Monday, June 5 was a very nerve-wracking day for me as County Supervisor of the 12th district. It was 6:54 p.m., and the Mitchell Park Domes input session I had scheduled was starting in six minutes. I paced at the entrance of the Mitchell Park Pavilion, nervously chatting with Evan Furtsch, my legislative assistant. Someone came from over the hill and asked, “Is this where the Domes event is?” Yes, very nice to meet you, my name is Juan Miguel Martinez, your county supervisor. I extended my hand. The man took it and gave it a shake. “There’s a bunch of people in front of the Domes thinking that’s where the event is being held,” he said. My face fell. Evan trotted up the hill to redirect people to the pavilion. Within 10 minutes, people were appearing atop the hill in what seemed like droves, making their way to where I stood.

They filed in, giving me cards for non-profits and community organizations. Some called me “brother” on account of our union affiliations. People signed in, made a name tag, and claimed their free plate of food from Sabor Divino, a Boricua food truck from within the district. Once everyone was in, I introduced Christa Beall Diefenbach from Friends of the Domes, Emma Rudd (who stepped into Jeremy Ebersole’s role) from the Milwaukee Preservation Alliance, and Jim Tarantino from Milwaukee County Parks.

Originally, the meeting was meant to be a free-wheeling event where local residents could meet the officials who work with the Domes and Mitchell Park, but the organizer in me made me want to have an order of how things should be expressed:

1. Present and break down to the attendees the resolution written by myself and Supervisors Sheldon Wasserman and Steve Taylor, demanding the Parks department give us all the options for the Domes, including demolition.

2. Assure the public that demolition is as expensive as fixing the Domes, therefore throwing demolition out of the window.

3. Try to match the public’s suggestions to the options, and, when they’re revealed, schedule another meeting where the public can choose their preferred option.

People’s suggestions were voiced. People wanted to make sure crime was reduced and sex workers and homeless individuals no longer roamed the park. One of the residents shot back at these statements, saying there are not enough proper mental health resources to help these people, and that they should not be ostracized. That response drew a mixture of grumbles and applause, and both were valid. I am of that same mind, believing that over-policing is not the way to cure society’s ills. More suggestions came in. A group believed that more frequent community clean-ups would be a way to keep our park actively used.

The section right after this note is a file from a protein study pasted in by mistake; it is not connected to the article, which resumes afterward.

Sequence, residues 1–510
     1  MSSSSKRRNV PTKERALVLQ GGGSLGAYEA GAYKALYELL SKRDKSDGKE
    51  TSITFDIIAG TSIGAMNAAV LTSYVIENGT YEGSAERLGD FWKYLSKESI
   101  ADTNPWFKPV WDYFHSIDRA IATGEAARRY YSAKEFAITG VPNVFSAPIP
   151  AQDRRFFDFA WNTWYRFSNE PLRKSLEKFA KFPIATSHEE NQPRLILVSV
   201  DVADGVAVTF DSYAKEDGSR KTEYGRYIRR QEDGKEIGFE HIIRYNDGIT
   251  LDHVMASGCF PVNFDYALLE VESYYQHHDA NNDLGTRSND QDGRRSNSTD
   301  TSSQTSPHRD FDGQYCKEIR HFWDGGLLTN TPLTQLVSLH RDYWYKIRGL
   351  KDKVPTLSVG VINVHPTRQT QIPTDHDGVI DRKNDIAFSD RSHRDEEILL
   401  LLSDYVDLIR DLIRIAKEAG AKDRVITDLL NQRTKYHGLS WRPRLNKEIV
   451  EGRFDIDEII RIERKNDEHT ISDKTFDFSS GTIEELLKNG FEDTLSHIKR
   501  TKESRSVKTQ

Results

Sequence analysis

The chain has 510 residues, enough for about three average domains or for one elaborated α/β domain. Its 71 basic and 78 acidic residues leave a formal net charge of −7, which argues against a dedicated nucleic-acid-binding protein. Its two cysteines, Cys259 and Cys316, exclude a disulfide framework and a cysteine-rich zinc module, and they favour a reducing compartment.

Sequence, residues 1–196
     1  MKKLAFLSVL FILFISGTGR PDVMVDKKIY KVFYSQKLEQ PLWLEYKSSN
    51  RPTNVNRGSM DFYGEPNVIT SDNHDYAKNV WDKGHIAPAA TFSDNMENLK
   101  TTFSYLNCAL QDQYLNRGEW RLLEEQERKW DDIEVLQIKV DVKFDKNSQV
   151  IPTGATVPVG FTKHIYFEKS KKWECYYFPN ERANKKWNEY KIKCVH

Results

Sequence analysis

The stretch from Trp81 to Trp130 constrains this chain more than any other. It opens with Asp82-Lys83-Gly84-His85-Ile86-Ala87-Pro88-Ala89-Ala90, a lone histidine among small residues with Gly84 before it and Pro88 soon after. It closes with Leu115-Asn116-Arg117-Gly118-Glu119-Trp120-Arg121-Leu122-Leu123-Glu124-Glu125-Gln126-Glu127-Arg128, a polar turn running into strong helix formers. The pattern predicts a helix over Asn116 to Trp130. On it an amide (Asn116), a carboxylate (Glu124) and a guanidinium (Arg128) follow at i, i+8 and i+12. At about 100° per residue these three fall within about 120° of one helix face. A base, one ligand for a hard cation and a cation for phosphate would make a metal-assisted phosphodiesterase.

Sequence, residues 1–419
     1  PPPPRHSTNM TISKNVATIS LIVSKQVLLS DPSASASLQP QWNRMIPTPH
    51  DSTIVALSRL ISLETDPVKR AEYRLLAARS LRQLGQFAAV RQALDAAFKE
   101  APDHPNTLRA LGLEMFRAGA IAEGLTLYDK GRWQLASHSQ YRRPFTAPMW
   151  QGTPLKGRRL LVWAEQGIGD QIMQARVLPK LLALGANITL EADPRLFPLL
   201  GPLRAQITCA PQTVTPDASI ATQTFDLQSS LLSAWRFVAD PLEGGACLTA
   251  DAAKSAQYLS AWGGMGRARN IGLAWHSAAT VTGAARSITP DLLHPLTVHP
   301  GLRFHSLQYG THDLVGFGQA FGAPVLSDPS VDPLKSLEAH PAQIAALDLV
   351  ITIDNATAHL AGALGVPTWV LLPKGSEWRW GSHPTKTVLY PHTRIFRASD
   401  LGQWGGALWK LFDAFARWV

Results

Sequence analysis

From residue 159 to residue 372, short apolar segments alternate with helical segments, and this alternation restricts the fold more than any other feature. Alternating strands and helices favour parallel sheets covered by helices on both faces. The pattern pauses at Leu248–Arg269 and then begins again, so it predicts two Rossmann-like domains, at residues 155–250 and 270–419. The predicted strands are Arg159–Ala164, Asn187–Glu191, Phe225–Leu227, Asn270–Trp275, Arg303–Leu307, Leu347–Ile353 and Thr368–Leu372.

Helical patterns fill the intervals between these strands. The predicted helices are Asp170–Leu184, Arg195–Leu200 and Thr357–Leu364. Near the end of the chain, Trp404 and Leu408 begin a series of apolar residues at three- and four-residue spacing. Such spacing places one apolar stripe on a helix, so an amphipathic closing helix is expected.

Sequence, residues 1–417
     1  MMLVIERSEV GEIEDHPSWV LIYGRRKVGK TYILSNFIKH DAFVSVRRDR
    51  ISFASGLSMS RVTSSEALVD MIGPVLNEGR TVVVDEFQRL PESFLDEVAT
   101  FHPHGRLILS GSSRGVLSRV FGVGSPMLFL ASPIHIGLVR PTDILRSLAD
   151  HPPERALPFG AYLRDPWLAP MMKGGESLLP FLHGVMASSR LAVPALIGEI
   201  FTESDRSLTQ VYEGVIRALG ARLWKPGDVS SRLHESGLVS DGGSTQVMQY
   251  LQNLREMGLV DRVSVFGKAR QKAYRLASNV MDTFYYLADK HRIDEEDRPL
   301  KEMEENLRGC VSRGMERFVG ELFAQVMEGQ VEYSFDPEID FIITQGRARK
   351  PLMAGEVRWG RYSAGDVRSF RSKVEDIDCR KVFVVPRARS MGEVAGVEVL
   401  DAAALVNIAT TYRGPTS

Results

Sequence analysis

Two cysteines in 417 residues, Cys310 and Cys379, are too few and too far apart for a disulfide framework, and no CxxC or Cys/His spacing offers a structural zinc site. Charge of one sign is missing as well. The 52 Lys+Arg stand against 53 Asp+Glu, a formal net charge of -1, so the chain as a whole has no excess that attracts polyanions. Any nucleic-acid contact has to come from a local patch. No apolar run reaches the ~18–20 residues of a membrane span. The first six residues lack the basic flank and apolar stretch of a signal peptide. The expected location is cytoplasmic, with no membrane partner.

I jumped at the chance to inform the crowd that community clean-ups would indeed be taking place on the first Saturday of every month at noon, starting July 1. I will use these clean-ups as an update session as well, letting residents know what is happening at the county level with allocating funds, and any other pertinent info.

One of the questions that arose was “Why do other parks get more money than Mitchell Park?” Jim Tarantino responded that parks are rated a certain number within the department, as to what is needed. Mitchell Park happens to be one of the parks that needs the most help from capital improvement projects. It also has some of the most expensive needs, thus making it harder to allocate funds.

“We are going to hold you accountable,” one of the attendees told me. “When the Parks budget comes out, we will ask you why Mitchell isn’t getting funds while Humboldt Park is.”

“Other parks are not our enemy,” I explained. “The Parks department is stretched very thin. It is my duty to find a source of funds from somewhere else to make sure we get what we need.”

The meeting came to a close, with a total of 65 people in attendance. On our way out, I was approached by Drea Rodriguez, a well-known figure in the Latine community. “You know what would be a great benefit for Mitchell?” she said. “A friends group. Think about it.”

This week, I had a meeting with Adam Carr of the Milwaukee Parks Foundation, and Dana Hansen. The purpose was to start the conversation on establishing a Friends of Mitchell Park group. I remembered something Vic Huyke of El Conquistador told me: “We can make Mitchell like Humboldt, with our own south side Chill On The Hill.”

The first step would be getting money to be able to make it happen; with a friends group, it would be a much more simple and streamlined process. The future for Mitchell Park is bright, as long as the public keeps being involved. I am simply their servant.

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Welcome to the summer Domes show, “DinoDomes”

Public input session on Domes set for June 5, aimed at Mitchell Park neighbors

About The Author

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Juan Miguel Martinez is a writer from the south side of Milwaukee. He only writes until he can land a role as the mechanic friend of the handsome lead in a telenovela. His favorite movie is Repo Man.